British physicist Stephen Hawking may claim that extra dimensions provide the key to understanding the “grand design” of the universe, but it's Chinese-American mathematician Shing-Tung Yau who actually figured out how those extra dimensions work.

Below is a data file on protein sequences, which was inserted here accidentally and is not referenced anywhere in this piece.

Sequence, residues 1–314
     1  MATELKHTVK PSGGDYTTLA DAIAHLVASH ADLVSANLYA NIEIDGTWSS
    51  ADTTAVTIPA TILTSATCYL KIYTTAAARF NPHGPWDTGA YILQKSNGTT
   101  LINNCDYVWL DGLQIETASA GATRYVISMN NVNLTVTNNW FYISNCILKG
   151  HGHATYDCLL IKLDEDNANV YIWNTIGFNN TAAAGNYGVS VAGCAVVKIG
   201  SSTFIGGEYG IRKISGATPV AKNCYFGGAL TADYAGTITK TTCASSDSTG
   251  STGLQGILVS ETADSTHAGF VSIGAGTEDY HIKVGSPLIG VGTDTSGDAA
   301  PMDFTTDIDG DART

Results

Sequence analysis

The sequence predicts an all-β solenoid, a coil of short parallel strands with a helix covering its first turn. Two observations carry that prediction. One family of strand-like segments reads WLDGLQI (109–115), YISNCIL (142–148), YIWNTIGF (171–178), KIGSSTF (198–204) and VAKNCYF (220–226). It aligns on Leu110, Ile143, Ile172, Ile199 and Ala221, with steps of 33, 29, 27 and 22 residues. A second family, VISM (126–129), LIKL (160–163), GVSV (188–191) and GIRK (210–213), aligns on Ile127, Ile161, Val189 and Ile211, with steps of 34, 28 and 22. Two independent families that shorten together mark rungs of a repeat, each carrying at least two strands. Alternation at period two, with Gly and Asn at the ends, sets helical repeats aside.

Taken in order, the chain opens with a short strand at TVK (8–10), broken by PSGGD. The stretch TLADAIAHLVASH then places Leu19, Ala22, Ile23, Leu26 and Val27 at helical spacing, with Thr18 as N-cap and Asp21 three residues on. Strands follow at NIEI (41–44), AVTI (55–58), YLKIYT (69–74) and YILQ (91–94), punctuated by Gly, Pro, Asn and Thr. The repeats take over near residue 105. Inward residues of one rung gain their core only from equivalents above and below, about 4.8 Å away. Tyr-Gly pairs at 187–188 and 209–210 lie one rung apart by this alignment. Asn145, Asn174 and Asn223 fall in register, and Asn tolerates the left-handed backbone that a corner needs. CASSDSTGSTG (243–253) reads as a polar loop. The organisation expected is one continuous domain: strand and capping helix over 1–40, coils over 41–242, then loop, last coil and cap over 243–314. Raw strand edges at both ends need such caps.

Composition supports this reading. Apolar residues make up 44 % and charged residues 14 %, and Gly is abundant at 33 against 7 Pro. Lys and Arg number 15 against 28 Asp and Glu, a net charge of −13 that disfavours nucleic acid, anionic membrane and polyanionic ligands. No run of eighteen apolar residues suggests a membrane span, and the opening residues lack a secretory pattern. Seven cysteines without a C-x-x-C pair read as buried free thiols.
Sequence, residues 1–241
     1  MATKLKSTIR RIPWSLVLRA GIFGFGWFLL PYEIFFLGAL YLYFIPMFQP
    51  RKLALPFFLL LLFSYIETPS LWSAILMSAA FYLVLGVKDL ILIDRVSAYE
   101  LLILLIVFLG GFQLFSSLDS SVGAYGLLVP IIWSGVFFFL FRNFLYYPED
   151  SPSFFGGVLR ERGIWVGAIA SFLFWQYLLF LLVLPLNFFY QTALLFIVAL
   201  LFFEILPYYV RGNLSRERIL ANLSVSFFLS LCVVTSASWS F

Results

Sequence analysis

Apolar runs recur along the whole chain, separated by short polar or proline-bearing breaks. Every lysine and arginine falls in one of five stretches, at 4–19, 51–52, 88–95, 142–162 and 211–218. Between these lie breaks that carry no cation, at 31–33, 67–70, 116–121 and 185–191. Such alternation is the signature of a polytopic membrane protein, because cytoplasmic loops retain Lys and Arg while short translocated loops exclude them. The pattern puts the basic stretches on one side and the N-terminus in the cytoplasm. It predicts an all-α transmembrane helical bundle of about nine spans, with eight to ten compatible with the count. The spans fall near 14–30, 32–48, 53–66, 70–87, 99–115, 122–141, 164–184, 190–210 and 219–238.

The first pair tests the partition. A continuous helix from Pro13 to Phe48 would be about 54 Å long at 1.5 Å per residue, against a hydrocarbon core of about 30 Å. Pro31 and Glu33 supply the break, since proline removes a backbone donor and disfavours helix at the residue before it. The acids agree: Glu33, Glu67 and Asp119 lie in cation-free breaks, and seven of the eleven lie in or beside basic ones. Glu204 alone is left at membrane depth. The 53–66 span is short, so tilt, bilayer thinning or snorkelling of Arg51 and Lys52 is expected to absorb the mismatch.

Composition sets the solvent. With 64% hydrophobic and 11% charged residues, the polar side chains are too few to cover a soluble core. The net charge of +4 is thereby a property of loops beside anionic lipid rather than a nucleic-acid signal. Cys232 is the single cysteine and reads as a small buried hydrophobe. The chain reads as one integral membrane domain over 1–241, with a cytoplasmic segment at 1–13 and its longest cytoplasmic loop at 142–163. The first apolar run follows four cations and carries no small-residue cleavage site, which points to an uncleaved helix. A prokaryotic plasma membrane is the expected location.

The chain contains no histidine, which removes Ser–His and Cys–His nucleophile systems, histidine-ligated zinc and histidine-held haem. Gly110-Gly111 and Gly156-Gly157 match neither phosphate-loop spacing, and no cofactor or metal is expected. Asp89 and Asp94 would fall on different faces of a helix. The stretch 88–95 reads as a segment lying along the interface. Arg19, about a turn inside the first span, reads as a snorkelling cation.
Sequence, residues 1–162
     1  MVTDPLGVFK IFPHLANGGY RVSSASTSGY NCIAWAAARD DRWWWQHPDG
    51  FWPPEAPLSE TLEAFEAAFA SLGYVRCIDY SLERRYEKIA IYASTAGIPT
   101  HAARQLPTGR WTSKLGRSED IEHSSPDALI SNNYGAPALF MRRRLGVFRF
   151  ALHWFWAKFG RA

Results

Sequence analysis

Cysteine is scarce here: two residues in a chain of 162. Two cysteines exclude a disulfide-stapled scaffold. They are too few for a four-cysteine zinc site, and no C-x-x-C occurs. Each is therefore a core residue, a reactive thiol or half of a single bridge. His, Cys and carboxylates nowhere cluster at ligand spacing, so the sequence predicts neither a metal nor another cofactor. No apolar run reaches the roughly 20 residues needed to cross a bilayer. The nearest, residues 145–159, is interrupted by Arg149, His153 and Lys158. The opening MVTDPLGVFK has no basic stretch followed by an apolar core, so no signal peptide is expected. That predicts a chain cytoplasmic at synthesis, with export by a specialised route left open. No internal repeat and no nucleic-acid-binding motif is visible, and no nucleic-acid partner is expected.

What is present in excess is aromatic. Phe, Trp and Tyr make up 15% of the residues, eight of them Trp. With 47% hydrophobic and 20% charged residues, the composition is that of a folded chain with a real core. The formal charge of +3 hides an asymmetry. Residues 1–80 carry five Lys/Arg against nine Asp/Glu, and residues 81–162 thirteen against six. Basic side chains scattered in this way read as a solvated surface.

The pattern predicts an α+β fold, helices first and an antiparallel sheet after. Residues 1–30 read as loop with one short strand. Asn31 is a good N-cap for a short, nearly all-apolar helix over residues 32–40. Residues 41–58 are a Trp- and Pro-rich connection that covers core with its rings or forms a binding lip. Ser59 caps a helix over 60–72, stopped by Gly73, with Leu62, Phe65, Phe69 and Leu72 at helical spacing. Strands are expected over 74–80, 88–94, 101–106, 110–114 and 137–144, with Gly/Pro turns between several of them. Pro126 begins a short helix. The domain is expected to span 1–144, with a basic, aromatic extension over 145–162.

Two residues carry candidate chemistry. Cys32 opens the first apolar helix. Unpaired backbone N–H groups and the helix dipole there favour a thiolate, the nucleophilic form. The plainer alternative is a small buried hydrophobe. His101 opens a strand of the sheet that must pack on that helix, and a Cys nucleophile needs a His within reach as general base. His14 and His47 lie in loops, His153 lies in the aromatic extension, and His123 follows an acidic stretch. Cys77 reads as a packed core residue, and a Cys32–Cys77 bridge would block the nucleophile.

In his new book, “The Shape of Inner Space,” Yau and his co-author, Steve Nadis, touch upon the work that led to the discovery of theoretical “Calabi-Yau spaces” — and the cosmic implications of multidimensional geometry. The typical representation of a Calabi-Yau space looks like twisted web of a crumpled-up piece of paper. There's something elegant about its look — in fact, Calabi-Yau paperweights were voted the most popular gewgaw for holiday giving in last year's Cosmic Log Geek Gift Guide contest. But these shapes aren't just abstract art: String theorists believe that every single point in our universe is actually a compactified Calabi-Yau space in six dimensions.